Aggravated Assault

The Truth About “Aggravated Assault”

In the past, attackers were usually charged with Murder if the victim died, or Attempted Murder if they survived. For whatever reason, the practice of charging attackers with either of these felonies has largely been abandoned. In fact, the FBI Uniform Crime Report no longer even has an entry for Attempted Murder. Now, if the victim dies, the charge is Murder, but if they survive it is Aggravated Assault.

Aggravated Assault simply means the victim survived an attack in which the attacker tried to kill the victim but was inept. The FBI definition of Aggravated Assault is “an unlawful attack involving a weapon or other means likely to cause death or great bodily injury”. In other words, an attacker tried to kill you, but you survived.

The murder rate in the U.S. is about 15,000 murders each year. One can conclude from that low number relative to the U.S. population of about 330 million that the odds of needing a gun are very low. This is until you take into consideration the 1,000,000 Aggravated Assaults! So that is 1 million ATTEMPTS to unlawfully kill a victim.

So why is the murder rate relatively low? It’s certainly not for the lack of trying? It’s because of modern trauma care. Modern trauma care in big cities is phenomenal. The VAST majority of people shot, stabbed or bludgeoned by criminals don’t die from their injuries. So the charges are not Murder, but Aggravated Assaults.

But the bottom line for the reclassification of surviving from Attempted Murder to Aggravated Assault is that the victim survives, but may be maimed, blind, lose a limb, be paralyzed, require multiple corrective surgeries, lose the ability to work, and other tragic consequences. But since they did not die, the crime is treated as a lesser crime than Attempted Murder.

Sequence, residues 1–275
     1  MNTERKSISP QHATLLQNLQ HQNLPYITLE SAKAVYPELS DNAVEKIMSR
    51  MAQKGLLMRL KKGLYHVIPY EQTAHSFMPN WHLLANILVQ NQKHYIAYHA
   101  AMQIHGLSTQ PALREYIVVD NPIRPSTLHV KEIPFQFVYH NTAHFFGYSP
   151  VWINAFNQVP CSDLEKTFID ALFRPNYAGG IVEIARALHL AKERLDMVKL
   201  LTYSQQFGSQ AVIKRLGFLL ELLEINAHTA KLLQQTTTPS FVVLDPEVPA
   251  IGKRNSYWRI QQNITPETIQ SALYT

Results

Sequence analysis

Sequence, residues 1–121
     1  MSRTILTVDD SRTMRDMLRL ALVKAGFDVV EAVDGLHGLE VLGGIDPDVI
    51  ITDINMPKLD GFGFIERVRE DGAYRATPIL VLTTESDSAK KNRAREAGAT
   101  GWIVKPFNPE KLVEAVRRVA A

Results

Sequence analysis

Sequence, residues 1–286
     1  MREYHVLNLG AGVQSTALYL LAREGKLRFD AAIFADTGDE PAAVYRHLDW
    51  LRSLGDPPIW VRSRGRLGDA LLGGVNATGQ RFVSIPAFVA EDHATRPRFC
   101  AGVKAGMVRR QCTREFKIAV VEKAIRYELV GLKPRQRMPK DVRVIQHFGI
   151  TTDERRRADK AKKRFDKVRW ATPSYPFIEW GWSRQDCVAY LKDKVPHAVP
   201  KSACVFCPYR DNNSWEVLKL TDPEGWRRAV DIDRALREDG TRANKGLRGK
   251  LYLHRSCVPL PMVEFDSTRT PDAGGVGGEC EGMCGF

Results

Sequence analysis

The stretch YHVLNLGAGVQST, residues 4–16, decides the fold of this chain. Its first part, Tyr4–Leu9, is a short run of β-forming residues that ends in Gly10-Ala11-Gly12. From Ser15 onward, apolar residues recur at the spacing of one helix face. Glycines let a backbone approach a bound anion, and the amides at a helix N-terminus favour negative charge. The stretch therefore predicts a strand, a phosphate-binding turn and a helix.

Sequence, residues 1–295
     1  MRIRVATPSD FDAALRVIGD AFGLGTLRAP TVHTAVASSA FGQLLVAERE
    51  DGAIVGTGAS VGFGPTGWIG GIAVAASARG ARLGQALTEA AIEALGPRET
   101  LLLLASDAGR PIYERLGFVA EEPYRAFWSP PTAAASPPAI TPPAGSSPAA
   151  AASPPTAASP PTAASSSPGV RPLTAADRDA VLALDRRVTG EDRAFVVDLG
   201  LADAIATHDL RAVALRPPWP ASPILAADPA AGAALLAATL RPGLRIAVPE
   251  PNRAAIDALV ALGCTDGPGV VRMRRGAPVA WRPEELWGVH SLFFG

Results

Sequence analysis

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PA Gun Crimes

Disclaimer: I am not an attorney. Nothing in this content constitutes legal advice. If you are in need of legal advice on this matter, retain a licensed, competent attorney in your relevant jurisdiction.

As part of our ongoing mission, Dakota Firearms Training Academy wants visitors to this site to be the BEST trained, BEST educated law-biding gun owners. If you use your gun in the commission of a crime, below is the list of crimes generally associated with gun usage, and what prosecutors may possibly charge you with. Keep in mind that if you shoot someone in defense of yourself or others that your legal justification for doing so is not a legal “get out of jail free” card. It is not the absence of being charged. Rather it is a defense to being charged. So, if you are ever charged with one of the crimes listed below, secure the services of the best gun and/or self-defense lawyer you can, as your life may depend on it. Do not get Cousin Vinny. Do not get an ambulance chaser. Do not get a family member who will take your case pro bono unless they are experts in gun or self-defense law.

The severity of the possible punishment of the crime determines whether or not you lose your right to carry or possess firearms FOR THE REST OF YOUR LIFE. For example, if you are found guilty of a misdemeanor and your sentence is only 6 months, but the crime for which you were found guilty carries a maximum punishment more than 2 years, you will lose your right to carry or possess firearms for the rest of your life.

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